Wednesday, May 16, 2007

Ready, Steady, Go! (a contest)

The power of the first line:

Where's Papa going with that ax?

As soon as certain questions are asked, you realize that you, too, would very much like to know the answer. Have you ever been at a cocktail party and overheard a question that turned your whole attention toward it like a needle seeking north? This is one of those. With this beginning, you know something's going to happen. And this question leads directly into the book's source of tension. Fabulous.

I come from a family with a lot of dead people.

Voice. I will wade through dim and perilous fens of slush for voice. And here it's matched with a sense of humor. I'm hooked.

In the great green room, there was a telephone and a red balloon.

Cadence. The order of these syllables and the way in which they rhyme forces the voice to slow. Compare this to the first line of Madeline, which trips off the tongue. Madeline could be read very quickly, but this is a bedtime book, and it makes the reader go softly.

One day my mama caught me paintin' pictures on the floor
and the ceiling
and the walls
and the curtains
and the door
and I heard my mama holler like I never did before--
"Ya ain't a-gonna paint no more!"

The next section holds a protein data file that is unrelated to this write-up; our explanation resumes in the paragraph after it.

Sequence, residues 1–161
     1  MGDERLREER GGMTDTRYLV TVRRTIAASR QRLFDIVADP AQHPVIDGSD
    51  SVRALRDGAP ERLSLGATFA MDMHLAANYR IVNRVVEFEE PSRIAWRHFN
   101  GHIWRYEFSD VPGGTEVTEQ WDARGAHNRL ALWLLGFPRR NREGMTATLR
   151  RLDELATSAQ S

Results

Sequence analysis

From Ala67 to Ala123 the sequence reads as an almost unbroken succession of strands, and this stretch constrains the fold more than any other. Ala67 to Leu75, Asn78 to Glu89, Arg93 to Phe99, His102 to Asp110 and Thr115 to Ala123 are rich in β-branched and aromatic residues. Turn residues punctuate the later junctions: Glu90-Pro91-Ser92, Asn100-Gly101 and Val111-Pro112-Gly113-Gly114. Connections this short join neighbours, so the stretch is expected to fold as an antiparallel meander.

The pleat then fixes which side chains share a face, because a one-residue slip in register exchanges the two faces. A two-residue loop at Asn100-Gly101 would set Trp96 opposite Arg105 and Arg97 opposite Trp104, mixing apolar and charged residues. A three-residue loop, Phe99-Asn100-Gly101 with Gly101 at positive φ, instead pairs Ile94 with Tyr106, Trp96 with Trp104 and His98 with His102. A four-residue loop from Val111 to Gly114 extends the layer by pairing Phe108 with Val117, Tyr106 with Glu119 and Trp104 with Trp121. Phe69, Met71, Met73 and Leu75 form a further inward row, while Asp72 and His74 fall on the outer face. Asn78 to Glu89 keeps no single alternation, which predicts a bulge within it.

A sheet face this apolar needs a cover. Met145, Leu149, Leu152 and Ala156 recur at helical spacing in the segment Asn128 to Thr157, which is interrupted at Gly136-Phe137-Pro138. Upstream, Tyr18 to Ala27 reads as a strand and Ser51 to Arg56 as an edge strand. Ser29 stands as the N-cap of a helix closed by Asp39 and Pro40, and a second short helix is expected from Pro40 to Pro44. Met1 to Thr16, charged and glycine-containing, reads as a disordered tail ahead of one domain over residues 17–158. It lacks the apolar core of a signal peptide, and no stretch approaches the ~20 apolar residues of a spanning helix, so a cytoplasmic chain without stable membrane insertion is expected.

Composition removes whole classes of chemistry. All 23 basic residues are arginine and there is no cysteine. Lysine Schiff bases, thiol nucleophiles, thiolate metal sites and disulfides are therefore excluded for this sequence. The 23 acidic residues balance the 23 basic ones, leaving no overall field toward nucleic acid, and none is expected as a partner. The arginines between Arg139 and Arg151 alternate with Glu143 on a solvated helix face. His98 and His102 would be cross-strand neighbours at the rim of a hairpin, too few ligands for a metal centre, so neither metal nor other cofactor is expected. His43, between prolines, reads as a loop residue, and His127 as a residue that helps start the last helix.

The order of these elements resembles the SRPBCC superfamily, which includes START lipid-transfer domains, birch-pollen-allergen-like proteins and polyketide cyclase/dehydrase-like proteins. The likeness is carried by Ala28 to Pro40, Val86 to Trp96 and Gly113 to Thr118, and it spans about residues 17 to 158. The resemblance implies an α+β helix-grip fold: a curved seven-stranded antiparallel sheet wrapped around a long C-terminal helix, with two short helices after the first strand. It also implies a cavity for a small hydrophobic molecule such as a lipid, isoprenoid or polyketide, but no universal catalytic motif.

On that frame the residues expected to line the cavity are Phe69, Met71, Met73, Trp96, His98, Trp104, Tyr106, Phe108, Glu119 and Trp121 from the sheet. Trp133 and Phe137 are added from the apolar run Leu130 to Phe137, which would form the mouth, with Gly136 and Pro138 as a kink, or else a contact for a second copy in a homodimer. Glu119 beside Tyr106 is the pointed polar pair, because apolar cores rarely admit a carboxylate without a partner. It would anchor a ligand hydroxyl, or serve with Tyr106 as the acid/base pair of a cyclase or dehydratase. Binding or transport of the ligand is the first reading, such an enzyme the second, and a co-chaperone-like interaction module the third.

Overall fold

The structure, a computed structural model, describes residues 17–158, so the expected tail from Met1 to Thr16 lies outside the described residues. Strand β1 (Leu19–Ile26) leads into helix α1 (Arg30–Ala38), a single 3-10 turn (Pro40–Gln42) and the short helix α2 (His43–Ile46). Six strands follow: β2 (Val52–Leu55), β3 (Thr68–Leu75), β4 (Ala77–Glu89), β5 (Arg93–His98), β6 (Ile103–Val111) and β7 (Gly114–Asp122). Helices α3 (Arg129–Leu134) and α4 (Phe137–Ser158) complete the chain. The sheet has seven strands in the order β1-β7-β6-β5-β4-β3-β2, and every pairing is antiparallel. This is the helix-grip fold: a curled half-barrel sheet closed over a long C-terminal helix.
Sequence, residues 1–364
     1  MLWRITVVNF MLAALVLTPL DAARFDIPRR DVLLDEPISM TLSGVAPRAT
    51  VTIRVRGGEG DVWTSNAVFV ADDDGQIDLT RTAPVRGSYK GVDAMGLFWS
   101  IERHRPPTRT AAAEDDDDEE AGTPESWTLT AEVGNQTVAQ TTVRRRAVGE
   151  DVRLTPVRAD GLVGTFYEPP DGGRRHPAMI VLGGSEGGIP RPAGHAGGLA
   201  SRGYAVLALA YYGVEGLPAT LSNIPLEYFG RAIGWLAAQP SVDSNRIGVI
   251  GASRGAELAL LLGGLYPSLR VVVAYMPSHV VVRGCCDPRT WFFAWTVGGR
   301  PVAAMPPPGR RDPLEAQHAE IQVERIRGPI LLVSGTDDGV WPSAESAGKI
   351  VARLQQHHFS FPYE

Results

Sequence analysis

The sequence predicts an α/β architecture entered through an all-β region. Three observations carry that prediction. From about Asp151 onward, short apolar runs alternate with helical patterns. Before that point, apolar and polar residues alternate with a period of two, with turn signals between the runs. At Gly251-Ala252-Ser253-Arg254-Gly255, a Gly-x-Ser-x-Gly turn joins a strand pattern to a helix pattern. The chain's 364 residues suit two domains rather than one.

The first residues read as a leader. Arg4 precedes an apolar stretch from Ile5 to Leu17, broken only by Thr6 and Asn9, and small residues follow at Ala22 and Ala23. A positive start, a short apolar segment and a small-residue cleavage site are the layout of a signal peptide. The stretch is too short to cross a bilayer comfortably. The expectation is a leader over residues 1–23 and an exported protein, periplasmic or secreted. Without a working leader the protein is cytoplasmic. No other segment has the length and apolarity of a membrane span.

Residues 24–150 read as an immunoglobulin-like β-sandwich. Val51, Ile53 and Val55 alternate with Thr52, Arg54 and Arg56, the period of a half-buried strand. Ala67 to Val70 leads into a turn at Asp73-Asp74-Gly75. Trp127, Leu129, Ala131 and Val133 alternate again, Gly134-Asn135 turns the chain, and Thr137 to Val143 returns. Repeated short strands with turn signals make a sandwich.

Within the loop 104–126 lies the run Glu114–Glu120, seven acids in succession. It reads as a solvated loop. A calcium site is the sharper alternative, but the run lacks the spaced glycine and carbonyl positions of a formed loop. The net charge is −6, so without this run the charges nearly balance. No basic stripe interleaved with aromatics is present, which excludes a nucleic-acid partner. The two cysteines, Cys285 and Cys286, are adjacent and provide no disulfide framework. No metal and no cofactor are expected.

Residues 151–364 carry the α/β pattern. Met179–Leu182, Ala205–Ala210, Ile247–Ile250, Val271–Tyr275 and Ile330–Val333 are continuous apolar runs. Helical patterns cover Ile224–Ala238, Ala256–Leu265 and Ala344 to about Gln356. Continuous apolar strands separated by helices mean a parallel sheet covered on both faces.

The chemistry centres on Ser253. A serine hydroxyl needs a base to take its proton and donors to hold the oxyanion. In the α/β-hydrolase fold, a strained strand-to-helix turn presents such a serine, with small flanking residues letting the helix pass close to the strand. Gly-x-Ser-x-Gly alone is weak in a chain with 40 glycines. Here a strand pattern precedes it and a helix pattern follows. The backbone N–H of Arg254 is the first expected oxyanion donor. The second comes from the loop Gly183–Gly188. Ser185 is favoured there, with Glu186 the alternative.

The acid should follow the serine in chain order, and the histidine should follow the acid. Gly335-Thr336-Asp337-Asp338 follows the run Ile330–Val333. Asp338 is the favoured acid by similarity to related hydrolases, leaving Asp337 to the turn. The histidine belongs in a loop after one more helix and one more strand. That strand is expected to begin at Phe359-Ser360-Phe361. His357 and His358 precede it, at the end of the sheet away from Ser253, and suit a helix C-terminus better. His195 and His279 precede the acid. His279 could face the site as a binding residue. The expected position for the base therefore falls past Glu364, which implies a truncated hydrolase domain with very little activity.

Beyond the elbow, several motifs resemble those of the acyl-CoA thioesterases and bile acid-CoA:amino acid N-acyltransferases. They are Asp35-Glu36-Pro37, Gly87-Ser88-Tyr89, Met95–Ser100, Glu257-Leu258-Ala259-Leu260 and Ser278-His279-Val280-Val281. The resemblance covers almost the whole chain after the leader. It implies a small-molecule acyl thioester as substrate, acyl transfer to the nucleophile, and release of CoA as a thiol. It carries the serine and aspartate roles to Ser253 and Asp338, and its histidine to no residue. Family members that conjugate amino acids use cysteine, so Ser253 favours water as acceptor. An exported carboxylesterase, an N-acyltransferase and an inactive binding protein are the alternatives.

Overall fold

Rhythm. Here is a book that would have every chance of sounding idiotic in a query letter. But read that first page aloud, and you're practically out of your seat with the irrepressible energy of it. Love it.

So here's the deal: send me your first line (or your first two lines, if you must) and I will post a select few to comment on. Send them to my email with CONTEST in the subject line.

This contest opens now, and closes as soon as I've had enough. Maybe tomorrow.


Unknown said...
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Jeannette Towey said...
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Jeannette Towey said...
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Jeannette Towey said...

Oops sorry - I've just seen that we were meant to send the first lines to your e-mail. Mea culpa, mea maxima culpa.

Qual said...
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Qual said...

I think this exercise works on two levels: firstly, it will be nice to see which openings work and which don't - and why. Secondly, it exposes the age old problem of not following submission guidelines.

Sarah Miller said...

Any bonus points for IDing the example lines you posted?

mordicai said...

"The sky overhead was lousy with zeppelins, crewed by the dead."

Andy J Smith illustration said...

Here are two first lines from two different MS...

No matter what Theo was doing
and no matter what his parents said,
he always sucked his tremendous-stupendous thumb.

While his friends were eating other dinosaurs, Preston ate nothing but peanut butter and jelly sandwiches.

Literaticat said...

I think it's funny that I actually read the complete instructions, posted about it on my blog, then blithely disobeyed them.


my only excuse ... it was 3 am!

Anonymous said...

Well, I sent mine to the right place, but...

I left a stray comma in and I haven't got the 3am excuse!

Pat in UK

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